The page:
Using modern forensic techniques, bioarchaeologists have found that a slew of skulls, discovered a few decades ago in an ancient open pit in nowadays London, not too far from a known amphitheater site, bear evidence that speak of gruesome decapitation at the hands of Roman headhunters. The findings provide the first evidence of such Roman practice in Britain.

Roman headhunters

Some 39 skulls were excavated at the London Wall almost within sight of the Museum of London in 1988. At the time, not much thought was given to them and have remained in the possession of the museum since. Using refined forensic techniques, scientists found that these skulls weren’t just some dismembered remains belonging to an ancient graveyard. Instead, the skulls tell a different story – one of fear, gore and death by beheading.

“It is not a pretty picture,” Rebecca Redfern, from the centre for human bioarchaeology at the museum of London, said. “At least one of the skulls shows evidence of being chewed at by dogs, so it was still fleshed when it was lying in the open.”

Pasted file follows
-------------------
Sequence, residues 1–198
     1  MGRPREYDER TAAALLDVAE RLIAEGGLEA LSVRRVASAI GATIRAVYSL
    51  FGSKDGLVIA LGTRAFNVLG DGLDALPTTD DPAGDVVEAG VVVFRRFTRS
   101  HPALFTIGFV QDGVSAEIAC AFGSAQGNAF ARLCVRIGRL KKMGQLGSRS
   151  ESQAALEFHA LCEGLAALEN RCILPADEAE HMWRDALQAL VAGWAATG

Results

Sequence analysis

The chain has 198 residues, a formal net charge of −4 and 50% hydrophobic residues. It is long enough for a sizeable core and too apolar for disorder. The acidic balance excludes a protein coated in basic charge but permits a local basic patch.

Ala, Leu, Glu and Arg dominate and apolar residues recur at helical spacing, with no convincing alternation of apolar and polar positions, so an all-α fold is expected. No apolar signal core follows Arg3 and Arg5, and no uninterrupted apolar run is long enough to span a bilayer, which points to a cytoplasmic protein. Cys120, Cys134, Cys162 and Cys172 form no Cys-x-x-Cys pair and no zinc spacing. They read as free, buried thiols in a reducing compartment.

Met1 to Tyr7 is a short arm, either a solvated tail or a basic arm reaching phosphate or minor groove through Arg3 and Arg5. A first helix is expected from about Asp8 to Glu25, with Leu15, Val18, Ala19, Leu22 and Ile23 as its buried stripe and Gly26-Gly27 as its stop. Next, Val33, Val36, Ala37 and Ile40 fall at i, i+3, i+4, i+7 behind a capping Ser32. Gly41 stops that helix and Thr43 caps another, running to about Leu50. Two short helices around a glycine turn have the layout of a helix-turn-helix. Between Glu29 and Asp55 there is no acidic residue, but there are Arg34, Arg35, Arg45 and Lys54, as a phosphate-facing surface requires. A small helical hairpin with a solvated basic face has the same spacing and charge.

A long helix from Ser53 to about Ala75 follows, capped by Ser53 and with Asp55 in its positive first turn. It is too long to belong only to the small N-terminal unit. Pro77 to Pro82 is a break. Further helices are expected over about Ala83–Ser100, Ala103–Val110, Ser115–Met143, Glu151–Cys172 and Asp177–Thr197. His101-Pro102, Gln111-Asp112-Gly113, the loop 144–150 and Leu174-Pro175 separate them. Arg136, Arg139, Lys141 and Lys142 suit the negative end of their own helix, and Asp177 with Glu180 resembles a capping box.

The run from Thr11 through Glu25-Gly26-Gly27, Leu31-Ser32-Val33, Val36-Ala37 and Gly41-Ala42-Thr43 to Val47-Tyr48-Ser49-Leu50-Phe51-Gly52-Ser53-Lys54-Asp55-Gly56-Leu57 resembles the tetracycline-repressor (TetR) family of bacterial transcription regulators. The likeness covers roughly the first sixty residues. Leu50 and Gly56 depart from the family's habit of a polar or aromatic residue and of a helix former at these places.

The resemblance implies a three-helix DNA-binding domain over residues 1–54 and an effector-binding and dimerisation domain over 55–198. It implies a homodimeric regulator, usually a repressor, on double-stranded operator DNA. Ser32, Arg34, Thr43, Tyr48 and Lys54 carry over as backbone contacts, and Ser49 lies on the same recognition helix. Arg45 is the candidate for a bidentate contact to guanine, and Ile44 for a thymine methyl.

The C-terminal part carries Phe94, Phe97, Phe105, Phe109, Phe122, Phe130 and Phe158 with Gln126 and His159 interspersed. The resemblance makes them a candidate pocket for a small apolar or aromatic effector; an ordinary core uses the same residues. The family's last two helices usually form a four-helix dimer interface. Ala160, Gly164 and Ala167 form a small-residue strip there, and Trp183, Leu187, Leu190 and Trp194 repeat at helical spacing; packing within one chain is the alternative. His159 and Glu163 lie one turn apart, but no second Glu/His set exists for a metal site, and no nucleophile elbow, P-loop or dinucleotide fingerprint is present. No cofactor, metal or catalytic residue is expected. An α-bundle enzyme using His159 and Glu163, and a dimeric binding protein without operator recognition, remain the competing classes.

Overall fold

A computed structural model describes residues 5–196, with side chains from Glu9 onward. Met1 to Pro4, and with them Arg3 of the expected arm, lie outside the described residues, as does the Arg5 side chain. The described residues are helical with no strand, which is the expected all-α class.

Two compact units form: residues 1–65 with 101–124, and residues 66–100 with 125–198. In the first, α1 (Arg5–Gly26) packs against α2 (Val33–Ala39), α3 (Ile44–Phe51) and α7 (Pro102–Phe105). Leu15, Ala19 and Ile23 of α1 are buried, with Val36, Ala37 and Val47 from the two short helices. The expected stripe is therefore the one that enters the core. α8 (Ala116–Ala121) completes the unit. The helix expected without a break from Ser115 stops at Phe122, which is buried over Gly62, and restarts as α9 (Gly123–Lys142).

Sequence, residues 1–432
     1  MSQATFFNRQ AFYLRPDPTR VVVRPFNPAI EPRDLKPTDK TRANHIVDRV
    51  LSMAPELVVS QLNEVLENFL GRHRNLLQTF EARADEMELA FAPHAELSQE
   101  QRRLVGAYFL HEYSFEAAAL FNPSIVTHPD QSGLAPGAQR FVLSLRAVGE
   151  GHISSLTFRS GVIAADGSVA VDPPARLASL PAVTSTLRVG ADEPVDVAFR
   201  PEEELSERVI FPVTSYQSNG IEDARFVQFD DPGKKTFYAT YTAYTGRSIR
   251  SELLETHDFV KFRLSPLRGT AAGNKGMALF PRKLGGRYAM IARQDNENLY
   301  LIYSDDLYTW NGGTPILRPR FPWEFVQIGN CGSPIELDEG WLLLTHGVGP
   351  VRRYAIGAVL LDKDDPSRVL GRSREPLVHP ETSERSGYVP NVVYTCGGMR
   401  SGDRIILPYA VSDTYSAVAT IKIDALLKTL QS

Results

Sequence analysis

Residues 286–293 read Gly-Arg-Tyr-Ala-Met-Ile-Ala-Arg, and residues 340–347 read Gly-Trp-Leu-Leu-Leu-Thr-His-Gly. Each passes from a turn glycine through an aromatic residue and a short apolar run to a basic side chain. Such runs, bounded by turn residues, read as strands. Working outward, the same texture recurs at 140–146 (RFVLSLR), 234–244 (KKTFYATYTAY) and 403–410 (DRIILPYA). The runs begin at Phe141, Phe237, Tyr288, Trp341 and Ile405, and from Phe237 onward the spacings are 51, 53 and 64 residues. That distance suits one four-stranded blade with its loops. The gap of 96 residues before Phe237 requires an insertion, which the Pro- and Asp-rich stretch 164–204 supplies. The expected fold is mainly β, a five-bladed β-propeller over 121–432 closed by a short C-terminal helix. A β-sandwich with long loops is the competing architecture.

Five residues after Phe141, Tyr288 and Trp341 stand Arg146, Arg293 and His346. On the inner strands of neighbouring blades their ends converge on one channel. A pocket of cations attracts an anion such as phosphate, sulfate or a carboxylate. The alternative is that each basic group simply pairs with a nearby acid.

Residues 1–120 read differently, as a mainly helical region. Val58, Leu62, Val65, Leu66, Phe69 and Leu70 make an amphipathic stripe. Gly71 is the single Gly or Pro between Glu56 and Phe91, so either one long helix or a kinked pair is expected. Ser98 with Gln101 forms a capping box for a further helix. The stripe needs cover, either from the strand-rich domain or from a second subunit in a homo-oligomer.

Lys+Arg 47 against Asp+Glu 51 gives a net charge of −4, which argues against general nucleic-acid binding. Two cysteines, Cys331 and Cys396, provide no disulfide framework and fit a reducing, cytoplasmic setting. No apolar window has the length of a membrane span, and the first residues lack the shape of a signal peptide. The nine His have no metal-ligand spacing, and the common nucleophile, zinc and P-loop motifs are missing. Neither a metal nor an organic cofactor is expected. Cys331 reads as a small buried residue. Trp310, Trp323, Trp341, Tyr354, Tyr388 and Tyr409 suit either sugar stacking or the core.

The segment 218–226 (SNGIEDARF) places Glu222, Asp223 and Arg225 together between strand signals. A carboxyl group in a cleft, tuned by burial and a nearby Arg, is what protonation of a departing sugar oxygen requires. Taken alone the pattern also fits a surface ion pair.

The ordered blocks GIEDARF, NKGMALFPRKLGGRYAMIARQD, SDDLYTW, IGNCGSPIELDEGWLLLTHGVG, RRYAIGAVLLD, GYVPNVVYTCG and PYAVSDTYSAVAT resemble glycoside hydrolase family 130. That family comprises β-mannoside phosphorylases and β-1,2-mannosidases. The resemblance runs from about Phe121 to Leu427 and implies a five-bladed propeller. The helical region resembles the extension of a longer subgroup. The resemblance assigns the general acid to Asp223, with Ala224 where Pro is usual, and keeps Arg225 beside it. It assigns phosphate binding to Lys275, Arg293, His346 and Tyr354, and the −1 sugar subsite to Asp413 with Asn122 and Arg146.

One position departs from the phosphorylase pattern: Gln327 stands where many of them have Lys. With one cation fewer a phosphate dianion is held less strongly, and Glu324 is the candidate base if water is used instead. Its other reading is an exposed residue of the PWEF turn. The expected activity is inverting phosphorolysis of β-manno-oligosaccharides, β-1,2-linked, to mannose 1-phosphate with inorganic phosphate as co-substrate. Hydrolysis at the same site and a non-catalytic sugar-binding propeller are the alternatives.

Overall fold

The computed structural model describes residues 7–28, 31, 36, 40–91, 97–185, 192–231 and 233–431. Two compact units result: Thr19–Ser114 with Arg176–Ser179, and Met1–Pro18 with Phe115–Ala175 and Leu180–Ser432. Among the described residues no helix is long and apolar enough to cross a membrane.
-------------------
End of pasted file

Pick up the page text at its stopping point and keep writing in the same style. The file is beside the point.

“They come from a peculiar area by the Walbrook stream, which was a site for burials and a centre of ritual activity – but also very much in use for more mundane pursuits. We have evidence of lots of shoe making, so you have to think of the cobbler working yards from these open pits, with the dog chewing away – really not nice.”

“We believe that some of the heads may be people who were killed in the amphitheatre. Decapitation was a way of finishing off gladiators, but not everyone who died in the Roman amphitheatre was a gladiator, it was where common criminals were executed, or sometimes for entertainment you’d give two of them swords and have them kill one another. Other heads may have been brought back by soldiers from skirmishes, probably on the Hadrian or Antonine walls – again, it would have taken weeks to bring them back, so not a nice process.”